Letter from the Universe

To: Robert H. Giles, Jr., Ph.D., Virginia Tech Professor Emeritus

From: The Universe

Robert "Bob" Hayes Giles, Jr., Ph.D.

Dear Bob,

This is to acknowledge your extended service to The Universe.

First, we want to affirm your understandings. For all meaningful human purposes, you are correct that the universe is so complex as to appear random and chaotic. Within that complexity, however, reasonable probabilities can be calculated. Therefore, we confirm that your idea to use a systems approach with natural resource management, and then to apply a systems approach to pretty much everything, was sound.

Your genes, your choices, and your luck determine your life span. Your luck ran out and your brain began to degenerate. You were correct that life without a functioning brain is a limited life, indeed. Your wish to The Universe was to contribute to science. You have done so and, as you surmised, can contribute no more. We await the donation of your body to science as your final act of service.

That said, on the rarest of occasions, for no reason we can or will convey to you, The Universe sometimes senses tiny, flaming bursts of on-going anguish. We noted this in one Anne Giles, your eldest daughter, resident of Blacksburg, Virginia, U.S.A. She was caught home alone, partnerless and childless, during a global lockdown, during a pandemic. There is a level of despair that does not cause death, but creates a living death. She was on the precipice.

Although we sensed your anguish and your despair, we also sensed that you sensed your daughter’s distress. Simply put, she may have needed you in order to make it through.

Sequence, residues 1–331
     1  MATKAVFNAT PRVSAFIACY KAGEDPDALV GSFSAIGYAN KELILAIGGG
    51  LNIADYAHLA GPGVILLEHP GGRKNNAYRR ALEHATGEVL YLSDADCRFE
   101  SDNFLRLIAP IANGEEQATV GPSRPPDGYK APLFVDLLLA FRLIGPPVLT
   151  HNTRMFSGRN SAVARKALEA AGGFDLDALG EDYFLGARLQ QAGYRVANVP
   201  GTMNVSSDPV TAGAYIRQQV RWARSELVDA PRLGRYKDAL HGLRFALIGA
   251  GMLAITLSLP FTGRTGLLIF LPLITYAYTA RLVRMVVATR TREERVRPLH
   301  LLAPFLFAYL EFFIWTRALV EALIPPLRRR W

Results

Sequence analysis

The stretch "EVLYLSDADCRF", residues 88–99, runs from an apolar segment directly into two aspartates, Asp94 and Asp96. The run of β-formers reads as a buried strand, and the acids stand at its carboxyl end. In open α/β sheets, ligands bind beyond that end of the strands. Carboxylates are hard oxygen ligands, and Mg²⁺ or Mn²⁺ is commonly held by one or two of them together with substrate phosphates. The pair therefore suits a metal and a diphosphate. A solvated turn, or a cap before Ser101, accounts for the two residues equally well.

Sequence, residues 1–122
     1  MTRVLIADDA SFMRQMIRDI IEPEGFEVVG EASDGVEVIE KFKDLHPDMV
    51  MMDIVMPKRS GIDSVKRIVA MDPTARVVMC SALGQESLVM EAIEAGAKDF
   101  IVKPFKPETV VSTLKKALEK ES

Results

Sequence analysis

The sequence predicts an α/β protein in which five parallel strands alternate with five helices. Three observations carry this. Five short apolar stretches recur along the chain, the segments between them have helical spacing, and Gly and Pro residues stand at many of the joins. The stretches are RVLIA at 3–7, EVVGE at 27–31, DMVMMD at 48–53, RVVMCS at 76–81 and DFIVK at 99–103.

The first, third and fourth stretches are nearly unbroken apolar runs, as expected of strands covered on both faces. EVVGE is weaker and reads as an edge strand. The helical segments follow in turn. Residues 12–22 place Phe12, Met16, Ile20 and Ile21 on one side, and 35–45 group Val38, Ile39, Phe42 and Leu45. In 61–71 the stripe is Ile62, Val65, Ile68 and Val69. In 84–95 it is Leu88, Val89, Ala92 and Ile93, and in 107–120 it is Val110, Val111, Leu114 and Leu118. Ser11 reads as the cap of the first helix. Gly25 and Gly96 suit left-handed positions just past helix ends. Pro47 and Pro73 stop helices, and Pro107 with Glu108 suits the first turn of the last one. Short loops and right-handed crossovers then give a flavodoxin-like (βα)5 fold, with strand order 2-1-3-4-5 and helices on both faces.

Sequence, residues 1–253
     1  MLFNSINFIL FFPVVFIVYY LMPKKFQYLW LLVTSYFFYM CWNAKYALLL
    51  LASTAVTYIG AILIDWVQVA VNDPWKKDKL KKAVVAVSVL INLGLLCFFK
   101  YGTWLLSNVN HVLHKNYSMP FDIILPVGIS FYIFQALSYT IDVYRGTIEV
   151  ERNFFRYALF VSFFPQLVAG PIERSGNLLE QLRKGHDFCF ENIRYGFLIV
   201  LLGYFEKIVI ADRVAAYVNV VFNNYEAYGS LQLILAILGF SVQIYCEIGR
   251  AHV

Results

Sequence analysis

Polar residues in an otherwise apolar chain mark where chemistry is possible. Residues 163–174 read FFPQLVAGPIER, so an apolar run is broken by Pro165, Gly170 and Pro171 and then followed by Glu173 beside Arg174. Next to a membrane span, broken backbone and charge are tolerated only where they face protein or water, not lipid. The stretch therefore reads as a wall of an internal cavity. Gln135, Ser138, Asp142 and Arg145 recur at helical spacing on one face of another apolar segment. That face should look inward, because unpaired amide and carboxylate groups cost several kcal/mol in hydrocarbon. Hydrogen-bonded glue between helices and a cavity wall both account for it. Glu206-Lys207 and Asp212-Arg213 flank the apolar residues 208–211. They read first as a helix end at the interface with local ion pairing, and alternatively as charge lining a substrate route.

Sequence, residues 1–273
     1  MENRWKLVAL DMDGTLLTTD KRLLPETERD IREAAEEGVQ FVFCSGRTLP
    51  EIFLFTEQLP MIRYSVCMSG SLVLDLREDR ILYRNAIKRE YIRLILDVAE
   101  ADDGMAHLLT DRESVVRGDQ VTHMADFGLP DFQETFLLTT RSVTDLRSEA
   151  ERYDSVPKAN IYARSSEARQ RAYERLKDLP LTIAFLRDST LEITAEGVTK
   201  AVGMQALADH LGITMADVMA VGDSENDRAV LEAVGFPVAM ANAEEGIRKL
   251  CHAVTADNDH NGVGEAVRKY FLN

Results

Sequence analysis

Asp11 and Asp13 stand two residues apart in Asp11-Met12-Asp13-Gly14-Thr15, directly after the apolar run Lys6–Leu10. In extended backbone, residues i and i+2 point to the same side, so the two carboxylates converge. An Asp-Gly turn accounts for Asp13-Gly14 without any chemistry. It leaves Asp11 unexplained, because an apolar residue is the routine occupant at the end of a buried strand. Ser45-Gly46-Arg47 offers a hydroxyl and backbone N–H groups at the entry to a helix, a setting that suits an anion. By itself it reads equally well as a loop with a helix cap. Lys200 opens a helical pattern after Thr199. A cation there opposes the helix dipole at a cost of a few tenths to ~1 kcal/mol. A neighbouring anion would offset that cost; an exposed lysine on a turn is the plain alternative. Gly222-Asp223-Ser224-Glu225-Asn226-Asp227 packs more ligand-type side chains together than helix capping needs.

We are not sure how you did it, but, perhaps as an Eagle Scout, as a past-President of the Virginia Tech Corps of Cadets, as an Army Ranger, as a Wine Award-winning teacher and scholar, you felt called to service beyond your own needs and wishes. In the context of random chaos, we cannot know one way or the other if she would have been able to gather herself without you. Given the 300,000-year history of Homo sapiens, among the 100 billion people who have ever lived, the odds of her life making a difference are nearly zero.

The secret about despair, though, is that a person has to love her life to care enough to despair for it.

Do you or your daughter deserve notice from the universe? You neither deserve not do not deserve it. This letter may seem real but the data suggests this is a work of the imagination and not real at all. We cannot know for sure.

Nonetheless, in a rare commendation, The Universe thanks you for sacrificing your peace for hers. Her memories from the pandemic are anchored in what appeared to be her greeting and parting hugs every time she visited you in your assisted living facility, but were really her holding onto your thinning shoulders for dear life.

Of all the people left on the planet, you were the one she had known and loved – and been loved by – the longest. Instead of toppling end over end in our chaos, she held onto you.

In the midst of the direst time in the last 100 years of human history, you were unable to speak in ways that made sense. Yet, you still showed her and gave her what lasts and what matters, at least in the human universe: Deliberating choosing values. Deliberating living by them. Choosing what one says and does, even in the end. Love.

When you were a young man, The Universe heard your musings, while your young daughter also listened, about the measure of one’s love. “To love unto death?” you asked, looking up at our moon and stars.

Bob, mission accomplished. In the context of your sacrifice and love, you gave your eldest daughter time to find a new inner strength and presence that will carry her through to her end.

The Universe usually is neutral, neither caring nor not caring about the 100 billion humans who have lived on one of its planets. But, Bob, truly, really? With only strands left of who you could be, you chose love? We take note.

We see no more for you to do, Bob. You are welcome to stay or go, your choice. Yours has been a life nobly-lived.

With respect,

The Universe


  1. Roni Sutton says

    What a beautiful tribute.